Saturday, August 13, 2005

Kipling, Iraq and Bakewell Tarts.....

After a long and rather heated discussion with a colleague about the author of the line "at the end of the fight a tombstone white....."....we agreed to search the internet to get the money was on Kipling although I also knew that there was an American co-author whose name I couldn't remember (for the very interested the co-author's name was Wolcott Balestier)...and I won...well I have the advantage in that Kipling is one of my favourite writers.

Not much to report on the discussion...the interesting part came when I searched the line on the internet and saw that there were about fifteen articles about the war in Iraq that made use of this quotation.....

The quote in full....

"Now, it is not good for the Christian's health to
hustle the Aryan brown,

For the Christian riles, and the Aryan smiles,
and he weareth the Christian down;

And the end of the fight is a tombstone white,
with the name of the late deceased,

And the epitaph drear: 'A fool lies here who tried to hustle the East."

An amusing story about Kipling (the Brits amongst you are the only ones that will really understand this story straight away!)...

When my brother was about 9 years old, his boarding school organised a visit to Batemans which was Kipling's house.....the week before the visit he wrote a letter to my parents saying that he was going to visit a cake factory.....the next week's letter came from a very disappointed little boy who had been forced to walk through the very boring house and book collection of one Rudyard Kipling....and not a cake in sight!!!! Given that my brother loathes reading...the torture of Bateman's must have have been terrible!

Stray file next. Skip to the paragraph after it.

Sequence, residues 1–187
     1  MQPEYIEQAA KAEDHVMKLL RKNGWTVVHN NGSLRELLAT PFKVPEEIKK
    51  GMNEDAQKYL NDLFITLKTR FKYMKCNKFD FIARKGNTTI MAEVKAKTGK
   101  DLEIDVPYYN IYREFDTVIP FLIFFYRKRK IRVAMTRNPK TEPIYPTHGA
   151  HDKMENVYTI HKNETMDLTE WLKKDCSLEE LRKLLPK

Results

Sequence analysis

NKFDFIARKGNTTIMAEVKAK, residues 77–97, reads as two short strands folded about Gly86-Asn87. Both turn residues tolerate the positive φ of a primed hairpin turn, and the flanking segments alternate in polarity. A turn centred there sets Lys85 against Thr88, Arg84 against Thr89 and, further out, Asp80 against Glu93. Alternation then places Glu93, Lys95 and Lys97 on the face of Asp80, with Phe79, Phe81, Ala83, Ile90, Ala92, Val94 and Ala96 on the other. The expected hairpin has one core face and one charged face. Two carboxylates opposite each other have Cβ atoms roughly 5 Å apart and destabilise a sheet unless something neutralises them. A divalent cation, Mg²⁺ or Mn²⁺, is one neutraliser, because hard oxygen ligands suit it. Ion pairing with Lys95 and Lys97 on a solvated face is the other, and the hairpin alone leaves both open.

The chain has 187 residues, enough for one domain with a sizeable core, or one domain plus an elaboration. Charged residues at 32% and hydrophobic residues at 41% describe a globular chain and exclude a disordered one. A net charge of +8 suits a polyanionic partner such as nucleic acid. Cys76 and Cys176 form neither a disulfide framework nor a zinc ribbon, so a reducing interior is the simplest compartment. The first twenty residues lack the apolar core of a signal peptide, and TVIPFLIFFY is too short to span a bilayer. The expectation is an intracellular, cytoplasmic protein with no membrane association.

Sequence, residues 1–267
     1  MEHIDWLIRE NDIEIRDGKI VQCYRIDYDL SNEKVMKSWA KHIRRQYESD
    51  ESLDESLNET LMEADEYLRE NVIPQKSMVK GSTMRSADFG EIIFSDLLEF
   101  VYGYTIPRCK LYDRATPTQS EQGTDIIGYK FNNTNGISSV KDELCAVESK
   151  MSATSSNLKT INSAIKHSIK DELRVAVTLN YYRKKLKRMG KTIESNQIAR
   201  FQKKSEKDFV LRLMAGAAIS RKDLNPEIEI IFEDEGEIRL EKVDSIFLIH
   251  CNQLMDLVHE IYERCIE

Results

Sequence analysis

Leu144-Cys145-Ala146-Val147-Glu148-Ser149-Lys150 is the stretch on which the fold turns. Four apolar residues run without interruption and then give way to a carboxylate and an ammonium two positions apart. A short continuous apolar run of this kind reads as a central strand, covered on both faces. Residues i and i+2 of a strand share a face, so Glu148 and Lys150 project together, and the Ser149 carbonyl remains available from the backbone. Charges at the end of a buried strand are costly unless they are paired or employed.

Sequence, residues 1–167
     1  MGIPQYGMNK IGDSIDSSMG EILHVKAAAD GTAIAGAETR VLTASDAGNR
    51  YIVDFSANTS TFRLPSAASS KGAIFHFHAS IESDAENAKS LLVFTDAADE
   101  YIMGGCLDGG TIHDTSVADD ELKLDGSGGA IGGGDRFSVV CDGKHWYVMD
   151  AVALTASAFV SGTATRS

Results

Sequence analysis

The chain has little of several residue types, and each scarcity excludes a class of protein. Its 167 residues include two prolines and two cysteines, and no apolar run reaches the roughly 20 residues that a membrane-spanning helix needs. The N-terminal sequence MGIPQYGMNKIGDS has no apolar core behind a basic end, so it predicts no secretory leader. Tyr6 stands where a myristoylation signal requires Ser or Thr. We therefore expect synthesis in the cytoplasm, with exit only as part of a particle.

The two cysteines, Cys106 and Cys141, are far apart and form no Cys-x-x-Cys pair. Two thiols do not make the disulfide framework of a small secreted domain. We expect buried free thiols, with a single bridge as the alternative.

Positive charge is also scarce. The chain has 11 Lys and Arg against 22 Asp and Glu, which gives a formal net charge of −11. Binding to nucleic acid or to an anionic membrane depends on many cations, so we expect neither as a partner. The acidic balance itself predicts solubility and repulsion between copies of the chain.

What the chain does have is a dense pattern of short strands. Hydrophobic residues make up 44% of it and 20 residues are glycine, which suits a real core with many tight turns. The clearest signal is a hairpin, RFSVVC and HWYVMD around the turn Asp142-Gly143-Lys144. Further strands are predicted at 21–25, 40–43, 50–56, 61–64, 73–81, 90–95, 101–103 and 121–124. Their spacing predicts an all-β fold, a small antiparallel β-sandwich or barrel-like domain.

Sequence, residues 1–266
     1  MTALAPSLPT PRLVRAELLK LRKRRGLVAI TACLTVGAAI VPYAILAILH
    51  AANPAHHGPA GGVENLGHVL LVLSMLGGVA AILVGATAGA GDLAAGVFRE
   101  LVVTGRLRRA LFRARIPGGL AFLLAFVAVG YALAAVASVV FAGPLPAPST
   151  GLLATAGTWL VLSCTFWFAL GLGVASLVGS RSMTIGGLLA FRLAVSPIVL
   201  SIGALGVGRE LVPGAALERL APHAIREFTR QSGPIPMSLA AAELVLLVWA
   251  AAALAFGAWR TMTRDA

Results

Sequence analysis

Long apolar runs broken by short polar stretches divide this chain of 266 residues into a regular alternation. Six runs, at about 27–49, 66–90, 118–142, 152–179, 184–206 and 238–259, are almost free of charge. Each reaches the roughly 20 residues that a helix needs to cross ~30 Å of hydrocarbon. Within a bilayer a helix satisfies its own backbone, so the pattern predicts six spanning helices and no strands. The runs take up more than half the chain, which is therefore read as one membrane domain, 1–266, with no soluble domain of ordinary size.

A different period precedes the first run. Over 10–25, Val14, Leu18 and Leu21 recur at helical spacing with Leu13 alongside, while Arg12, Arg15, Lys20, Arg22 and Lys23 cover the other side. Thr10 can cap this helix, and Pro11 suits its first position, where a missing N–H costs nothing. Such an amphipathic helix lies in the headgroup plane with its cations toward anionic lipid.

Blogger friskodude said...

And to think, when I was a school child in Omaha, the only field trip we were offered was to the slaughter yards. Disgusting, but the biggest industry in town.

Mostly I remember the black men using chain saws to cut apart the hanging cow carcass. There is no other way to describe such an event, but then I was only 13 years old. I have never forgotten that scene.

8:17 am  
Blogger Madame Chiang said...

When we lived in The Gambia...we used to have to go down to the meat market to but all our meat....taking home half a cow in the back seat of the car is an experience I wont forget...although I did learn a fair amount about butchering a cow then!

9:03 am  
Anonymous paul said...

How did you become interested in Kipling and which do you prefer - the poetry or stories ?
He's an acquired and unusual taste.

2:52 pm  
Blogger Madame Chiang said...

Kipling...poetry.....when I was about five years old...I already had "If" posted to the wall by my bed...very corny...but magnificent poetry....

1:13 am  

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